This is my “Tuscan-inspired” meatball ragu over polenta.  Rustic and comforting.  Full of the woodsy twang of rosemary and the earthy punch of porcini mushrooms.  And it couldn’t be easier.  Just throw all the meatball ingredients in a bowl–lean turkey, fresh rosemary, dried porcini mushrooms, Pecorino Romano cheese–and gently mix together and form into balls.  Then, the meatballs are simmered in a gussied-up bought tomato sauce, and poured over creamy quick-cooking polenta.  It’s comforting and hearty, but because of the way we cook the polenta and the turkey (as opposed to beef) in the meatballs, it’s actually really light.  I serve it with a big green salad.
From my weekly column Dinner for Two on Serious Eats.  Check it out every Friday! Continue reading
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Categories: 30 Minutes, Dinner for Two, Easy, Eat, Main Courses, Poultry, Recipes, Series
 

Seared Tuna with Niçoise Vegetables and Garlic Butter

RECIPE: Seared Tuna with Niçoise Vegetables and Garlic Butter
Tuna with Niçoise Veggies

Tuna with Niçoise Veggies

I was in a meeting the other day at the office, when my friend pulled out a take-out box from the office cafeteria, and excused herself.  “I’m starving,” she said.  “I just need to have some lunch!”

There are some meals at my office cafeteria that I look forward to (veggie dumplings and pickled vegetables is worth scheduling meetings around), but generally, I’m pretty jaded.  Or I was.  Until Issy opened up the paper box to reveal a gorgeous spread: seared tuna steak, new potatoes, green beans, and a lemon wedge.  The perfect summer meal.  Evocative of French seasides with striped umbrellas and big sailboats.  Suddenly, my panini from around the corner began to pale into oozy, woozy insignificance.  I had such overwhelming food envy, that I went home, bought all the ingredients, and recreated it for dinner.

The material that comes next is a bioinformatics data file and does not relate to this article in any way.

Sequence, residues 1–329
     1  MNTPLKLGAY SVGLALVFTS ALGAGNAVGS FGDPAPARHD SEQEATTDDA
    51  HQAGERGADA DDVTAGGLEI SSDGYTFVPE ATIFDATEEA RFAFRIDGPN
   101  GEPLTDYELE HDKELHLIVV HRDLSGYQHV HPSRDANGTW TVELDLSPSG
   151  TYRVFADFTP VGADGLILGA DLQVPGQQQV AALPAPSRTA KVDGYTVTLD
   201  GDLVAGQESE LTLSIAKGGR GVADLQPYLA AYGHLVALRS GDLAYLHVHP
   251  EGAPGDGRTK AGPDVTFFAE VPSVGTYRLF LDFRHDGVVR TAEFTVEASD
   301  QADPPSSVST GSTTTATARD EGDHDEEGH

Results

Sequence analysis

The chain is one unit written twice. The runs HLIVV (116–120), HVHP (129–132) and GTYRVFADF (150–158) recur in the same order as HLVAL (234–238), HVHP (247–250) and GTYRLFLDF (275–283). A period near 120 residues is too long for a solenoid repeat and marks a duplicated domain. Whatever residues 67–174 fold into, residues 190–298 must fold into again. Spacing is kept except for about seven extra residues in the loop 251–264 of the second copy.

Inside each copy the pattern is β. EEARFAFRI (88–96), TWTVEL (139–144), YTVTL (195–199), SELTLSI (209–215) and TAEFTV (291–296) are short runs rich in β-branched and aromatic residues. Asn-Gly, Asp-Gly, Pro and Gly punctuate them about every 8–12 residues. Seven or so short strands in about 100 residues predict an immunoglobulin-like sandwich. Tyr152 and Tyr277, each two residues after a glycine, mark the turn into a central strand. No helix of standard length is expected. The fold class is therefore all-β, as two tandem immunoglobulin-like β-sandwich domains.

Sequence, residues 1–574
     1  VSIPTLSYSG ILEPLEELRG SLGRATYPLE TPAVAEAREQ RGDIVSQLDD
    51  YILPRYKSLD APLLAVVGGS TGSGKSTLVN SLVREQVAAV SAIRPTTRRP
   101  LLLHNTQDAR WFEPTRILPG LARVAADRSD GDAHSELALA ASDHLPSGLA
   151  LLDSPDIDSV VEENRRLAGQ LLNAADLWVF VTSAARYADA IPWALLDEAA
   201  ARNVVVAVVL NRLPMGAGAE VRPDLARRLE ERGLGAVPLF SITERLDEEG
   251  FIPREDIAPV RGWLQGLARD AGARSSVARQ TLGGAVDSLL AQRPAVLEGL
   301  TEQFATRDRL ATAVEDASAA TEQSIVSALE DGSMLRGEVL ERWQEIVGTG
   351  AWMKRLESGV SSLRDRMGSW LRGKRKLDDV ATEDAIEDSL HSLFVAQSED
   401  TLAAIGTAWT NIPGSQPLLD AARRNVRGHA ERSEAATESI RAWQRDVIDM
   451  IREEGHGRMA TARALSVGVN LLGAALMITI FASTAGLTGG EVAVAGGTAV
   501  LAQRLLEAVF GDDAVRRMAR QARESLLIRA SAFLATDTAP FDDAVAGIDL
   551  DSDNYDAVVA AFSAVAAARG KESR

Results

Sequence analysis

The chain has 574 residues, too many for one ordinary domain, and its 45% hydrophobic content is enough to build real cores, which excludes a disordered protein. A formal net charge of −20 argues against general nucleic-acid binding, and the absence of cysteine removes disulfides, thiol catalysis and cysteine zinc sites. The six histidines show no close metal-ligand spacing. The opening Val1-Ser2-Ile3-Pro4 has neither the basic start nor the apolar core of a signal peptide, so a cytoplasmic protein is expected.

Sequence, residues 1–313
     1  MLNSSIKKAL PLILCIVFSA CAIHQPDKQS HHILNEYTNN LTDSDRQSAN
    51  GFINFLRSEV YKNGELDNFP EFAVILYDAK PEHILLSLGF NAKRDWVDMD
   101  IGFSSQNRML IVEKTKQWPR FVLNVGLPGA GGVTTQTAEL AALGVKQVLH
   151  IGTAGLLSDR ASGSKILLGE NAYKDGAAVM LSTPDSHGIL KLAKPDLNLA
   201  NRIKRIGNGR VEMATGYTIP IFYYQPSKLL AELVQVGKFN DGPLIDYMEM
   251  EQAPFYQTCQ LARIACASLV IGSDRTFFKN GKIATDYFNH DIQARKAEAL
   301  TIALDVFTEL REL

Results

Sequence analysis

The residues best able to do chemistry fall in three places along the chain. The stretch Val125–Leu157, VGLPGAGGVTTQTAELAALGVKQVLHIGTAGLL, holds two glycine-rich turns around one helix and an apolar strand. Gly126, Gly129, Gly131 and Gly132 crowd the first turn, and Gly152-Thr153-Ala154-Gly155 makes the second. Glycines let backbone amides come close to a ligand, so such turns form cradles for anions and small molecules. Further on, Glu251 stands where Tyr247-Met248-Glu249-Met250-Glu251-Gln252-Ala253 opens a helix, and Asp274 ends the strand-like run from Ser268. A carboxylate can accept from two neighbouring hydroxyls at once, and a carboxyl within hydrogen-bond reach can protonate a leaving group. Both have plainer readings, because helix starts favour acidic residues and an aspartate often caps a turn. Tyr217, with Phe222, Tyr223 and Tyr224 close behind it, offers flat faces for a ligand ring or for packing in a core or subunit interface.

This dish is inspired by a Niçoise salad; but it gets rid of all the salad parts and leaves the essentials.  Fresh tuna, crusted in sea salt and herbes de Provence, seared for just three minutes in olive oil until barely cooked through.  Tender crisp haricots verts.  Creamy baby new potatoes.  Roasted cherry tomatoes on the vine.  All tossed in a garlic- and lemon-infused warm olive oil and butter sauce, littered with shreds of fresh basil and torn parsley.  Served warm, it’s light and bright, but also so flavorful and a little bit decadent from the sauce.  It’s the perfect summer meal.  A real feast, but light enough so that you don’t fall asleep in the afternoon at the office.  You may, however, daydream about places you’d rather be.  St. Tropez.  Cannes.  Antibes.  St. Jean Cap Ferrat.  Some things can’t be helped.

Excerpted from my weekly column French in a Flash on Serious Eats.  Bon app! Continue reading

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Categories: 30 Minutes, Easy, Eat, Fish, French in a Flash, Main Courses, Recipes, Series